Wednesday, October 16, 2013

Their Satanic Majesties Request

TERROR (1978)

French A style poster for New World's THE HELLFIRE CLUB, more pulp adventure than demonic horror.

THE notorious real-life Hellfire Club was famed for its debauchery and devil worship, the name given to several exclusive establishments in Britain and Ireland as meeting places of "persons of quality" who wished to take part in immoral acts. Founded in 1719 London, The Club motto Fais ce que tu voudras (Do what thou wilt) was a philosophy associated with François Rabelais' fictional abbey at Thélème, and later adopted by infamous magus Aleister Crowley. Set in 18th century England, THE HELLFIRE CLUB tells the story of circus acrobat Jason (Keith Michell) in his attempt to reclaim the estate of his estranged father Lord Netherton (Andrew Faulds), leader of the Hellfire Club. Years earlier, Jason as a boy (Martin Stephens) is whipped by his father after walking in on an orgy held by The Club, and together with his mother (Jean Lodge), flees with Timothy (David Lodge). Jason discovers that his villainous cousin Thomas (Peter Arne) has stolen his rightful inheritance, and together with lawyer Merryweather (Peter Cushing) plans to bring an end to the deceit, and brake the grip of The Club on King George II’s rule. 

Although billed as a guest star, Cushing's fussy but erudite character is pivotal to the fate of English society. In fact, the actor later adapted Merryweather's demeanor for his takes on Doctor Who and Abner Perry. Because of Cushing's presence and its lush staging, the film is often mistaken for a Hammer production. But there is no bite to THE HELLFIRE CLUB, with no satanic overtones, and the picture limits itself to a handful of lame orgies where most of the participants remain fully clothed. Directed by Robert S.Baker and Monty Berman from a script by Leon Griffiths and Jimmy Sangster, the production is more swashbuckling melodrama, using The Club as a pinning to hang its elaborate fight scenes and love interests (redheads Adrienne Corri and Kai Fischer)Like most cinematic heroes brandishing a sword, Jason is not only morally perfect but also irresistible to all women, and Michell gives a likable performance as he gathers his circus comrades to do battle with the evil hierarchy.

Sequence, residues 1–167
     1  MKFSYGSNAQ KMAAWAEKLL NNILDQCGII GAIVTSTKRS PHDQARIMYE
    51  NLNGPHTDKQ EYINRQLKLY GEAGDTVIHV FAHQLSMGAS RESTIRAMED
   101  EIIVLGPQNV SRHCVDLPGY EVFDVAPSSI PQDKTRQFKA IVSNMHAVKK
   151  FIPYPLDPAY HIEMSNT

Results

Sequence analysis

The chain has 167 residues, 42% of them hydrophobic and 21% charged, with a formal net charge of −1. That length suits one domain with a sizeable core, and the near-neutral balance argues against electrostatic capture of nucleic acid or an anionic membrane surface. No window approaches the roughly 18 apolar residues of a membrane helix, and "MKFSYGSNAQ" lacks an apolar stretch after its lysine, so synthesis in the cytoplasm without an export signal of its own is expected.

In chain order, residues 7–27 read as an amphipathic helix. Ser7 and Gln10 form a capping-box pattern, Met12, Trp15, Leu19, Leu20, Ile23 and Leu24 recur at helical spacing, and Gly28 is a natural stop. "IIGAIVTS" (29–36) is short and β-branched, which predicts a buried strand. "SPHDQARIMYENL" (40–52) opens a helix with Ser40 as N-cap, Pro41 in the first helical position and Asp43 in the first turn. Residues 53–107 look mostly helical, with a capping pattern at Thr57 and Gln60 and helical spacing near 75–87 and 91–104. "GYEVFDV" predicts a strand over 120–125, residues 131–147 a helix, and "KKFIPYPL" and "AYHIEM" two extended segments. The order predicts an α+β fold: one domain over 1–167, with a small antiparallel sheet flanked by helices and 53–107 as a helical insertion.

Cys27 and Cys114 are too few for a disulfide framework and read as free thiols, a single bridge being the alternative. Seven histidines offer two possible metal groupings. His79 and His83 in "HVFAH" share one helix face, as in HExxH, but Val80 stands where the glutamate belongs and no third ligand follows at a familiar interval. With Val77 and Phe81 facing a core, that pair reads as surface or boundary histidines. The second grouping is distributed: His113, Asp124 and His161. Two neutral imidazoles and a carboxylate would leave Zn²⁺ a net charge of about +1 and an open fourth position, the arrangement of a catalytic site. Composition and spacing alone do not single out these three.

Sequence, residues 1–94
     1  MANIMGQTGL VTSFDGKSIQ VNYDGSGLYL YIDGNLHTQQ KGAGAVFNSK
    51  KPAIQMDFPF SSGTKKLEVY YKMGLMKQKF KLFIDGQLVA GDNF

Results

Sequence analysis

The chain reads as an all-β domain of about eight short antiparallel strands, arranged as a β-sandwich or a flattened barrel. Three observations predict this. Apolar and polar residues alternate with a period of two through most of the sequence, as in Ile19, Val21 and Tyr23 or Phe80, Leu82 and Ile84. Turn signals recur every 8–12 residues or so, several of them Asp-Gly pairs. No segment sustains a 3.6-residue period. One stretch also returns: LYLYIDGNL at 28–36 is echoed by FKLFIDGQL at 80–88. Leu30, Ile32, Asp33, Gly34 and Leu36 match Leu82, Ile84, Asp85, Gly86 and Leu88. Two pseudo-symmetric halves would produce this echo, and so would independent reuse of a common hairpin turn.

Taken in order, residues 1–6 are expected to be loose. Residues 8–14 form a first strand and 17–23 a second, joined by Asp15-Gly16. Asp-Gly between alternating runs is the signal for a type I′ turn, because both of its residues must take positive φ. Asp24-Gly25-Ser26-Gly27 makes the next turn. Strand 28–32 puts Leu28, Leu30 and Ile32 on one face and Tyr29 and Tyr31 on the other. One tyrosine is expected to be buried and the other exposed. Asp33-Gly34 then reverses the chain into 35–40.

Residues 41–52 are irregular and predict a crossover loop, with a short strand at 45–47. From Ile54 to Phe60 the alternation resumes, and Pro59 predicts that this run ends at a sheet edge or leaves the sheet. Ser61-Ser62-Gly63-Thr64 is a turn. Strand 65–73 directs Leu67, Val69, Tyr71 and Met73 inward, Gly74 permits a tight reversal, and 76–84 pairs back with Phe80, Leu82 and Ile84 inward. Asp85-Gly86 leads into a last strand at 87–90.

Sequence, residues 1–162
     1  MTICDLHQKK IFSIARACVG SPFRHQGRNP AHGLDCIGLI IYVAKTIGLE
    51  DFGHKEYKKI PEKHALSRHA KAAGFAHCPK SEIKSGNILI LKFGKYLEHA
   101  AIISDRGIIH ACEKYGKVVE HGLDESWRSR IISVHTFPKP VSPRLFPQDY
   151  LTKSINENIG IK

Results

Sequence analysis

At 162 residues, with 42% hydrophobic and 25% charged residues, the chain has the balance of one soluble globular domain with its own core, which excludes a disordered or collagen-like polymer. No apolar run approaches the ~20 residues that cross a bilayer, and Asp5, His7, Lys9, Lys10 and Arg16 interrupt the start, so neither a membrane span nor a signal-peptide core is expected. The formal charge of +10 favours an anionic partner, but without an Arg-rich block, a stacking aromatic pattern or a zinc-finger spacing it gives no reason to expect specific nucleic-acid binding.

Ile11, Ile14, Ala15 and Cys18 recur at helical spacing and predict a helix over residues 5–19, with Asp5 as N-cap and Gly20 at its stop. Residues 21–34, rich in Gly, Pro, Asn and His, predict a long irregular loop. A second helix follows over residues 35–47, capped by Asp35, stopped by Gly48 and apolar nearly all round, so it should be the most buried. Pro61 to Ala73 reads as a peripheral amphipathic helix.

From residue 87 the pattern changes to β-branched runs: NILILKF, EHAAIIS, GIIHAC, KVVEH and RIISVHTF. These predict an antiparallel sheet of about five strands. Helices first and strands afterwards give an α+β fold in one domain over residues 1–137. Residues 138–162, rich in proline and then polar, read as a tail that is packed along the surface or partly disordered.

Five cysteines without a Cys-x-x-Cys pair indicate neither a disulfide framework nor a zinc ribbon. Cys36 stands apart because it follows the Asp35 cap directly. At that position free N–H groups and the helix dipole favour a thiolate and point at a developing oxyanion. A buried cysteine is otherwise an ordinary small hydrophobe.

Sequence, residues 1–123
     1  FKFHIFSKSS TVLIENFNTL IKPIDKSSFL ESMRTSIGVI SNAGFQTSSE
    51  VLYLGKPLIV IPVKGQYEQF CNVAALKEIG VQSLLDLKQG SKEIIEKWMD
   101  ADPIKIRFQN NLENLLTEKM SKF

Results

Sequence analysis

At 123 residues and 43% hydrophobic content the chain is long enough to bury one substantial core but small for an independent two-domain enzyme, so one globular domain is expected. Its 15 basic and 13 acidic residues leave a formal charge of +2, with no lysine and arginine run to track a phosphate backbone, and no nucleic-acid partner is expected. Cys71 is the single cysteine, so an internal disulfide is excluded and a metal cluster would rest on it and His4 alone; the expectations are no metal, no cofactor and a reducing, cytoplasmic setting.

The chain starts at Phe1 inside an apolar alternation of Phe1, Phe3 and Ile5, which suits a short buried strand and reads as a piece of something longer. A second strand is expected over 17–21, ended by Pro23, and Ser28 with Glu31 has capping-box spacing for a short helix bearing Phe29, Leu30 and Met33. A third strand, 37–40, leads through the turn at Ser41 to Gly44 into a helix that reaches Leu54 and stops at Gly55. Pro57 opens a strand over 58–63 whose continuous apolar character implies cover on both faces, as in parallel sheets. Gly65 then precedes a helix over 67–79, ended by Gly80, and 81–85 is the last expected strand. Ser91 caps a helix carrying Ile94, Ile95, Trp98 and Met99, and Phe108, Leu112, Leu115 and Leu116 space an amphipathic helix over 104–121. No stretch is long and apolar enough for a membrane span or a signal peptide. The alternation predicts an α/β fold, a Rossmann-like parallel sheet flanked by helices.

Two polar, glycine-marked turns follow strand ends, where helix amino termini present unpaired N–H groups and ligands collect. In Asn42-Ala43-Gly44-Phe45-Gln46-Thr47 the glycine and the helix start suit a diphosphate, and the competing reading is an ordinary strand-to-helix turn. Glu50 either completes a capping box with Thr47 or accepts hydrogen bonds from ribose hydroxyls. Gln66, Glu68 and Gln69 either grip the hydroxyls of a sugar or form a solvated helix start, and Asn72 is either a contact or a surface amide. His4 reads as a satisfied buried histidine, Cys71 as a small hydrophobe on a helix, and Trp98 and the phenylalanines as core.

With a running time of only 80 minutes, TERROR is a whirlwind of gore, semi-nudity and in-jokes. Amazingly, the film topped the UK box office charts for a week in early 1979.

TERROR takes a much more direct approach to its satanic theme. Reuniting director Norman J.Warren with scriptwriter David McGillivray - after their exploits on SATAN'S SLAVE - TERROR is not so much an unashamed rip-off of Dario Argento's operatic gore noir SUSPIRIA but a star-struck reaction to it. The picture starts with a witch hunt and a beheading, subsequently revealed to be a "film within a film" being watched in the same house where hundreds of years before the events being portrayed on screen took place. The witch exacts her revenge on the ancestors of her persecutors, one of whom is the production's director, James Garrick (John Nolan). After a makeshift hypnosis goes awry, the curse takes on a more direct approach, including death by lighting equipment, murderous film cans (in reality nine faulty prints of SATURDAY NIGHT FEVER specially supplied by Rank Laboratories) which leads to a very Argentoesque window-pane decapitation, and aspiring actress Carol (Glynis Barber) is impaled to a tree trunk with knives.

The performances are generally competent, but James and Ann Garrick (Carolyn Courage) both have too little screen time to develop the family curse scenario, even if Warren was more interested to do so. Instead, the focus is on Les Young's coloured filters to provide TERROR with a suitably garish tableau for its elaborately bloody murders, and enhance the hallucinatory disregard for logic. The opening "film within a film" narrative acts both as a Hammer Gothic pastiche and a expostulation of it, but this is not the only nod to a cinematic heritage; the viewer is also treated to snatches of a ficticious soft-core film called BATHTIME WITH BRENDA, scenes heavily indebted to experiences not necessarily enjoyed by Warren and McGillivray in their careers. Other points of interest are a nightclub act you won't forget in a hurry, and a red herring sequence culminating in a Peter Mayhew cameo.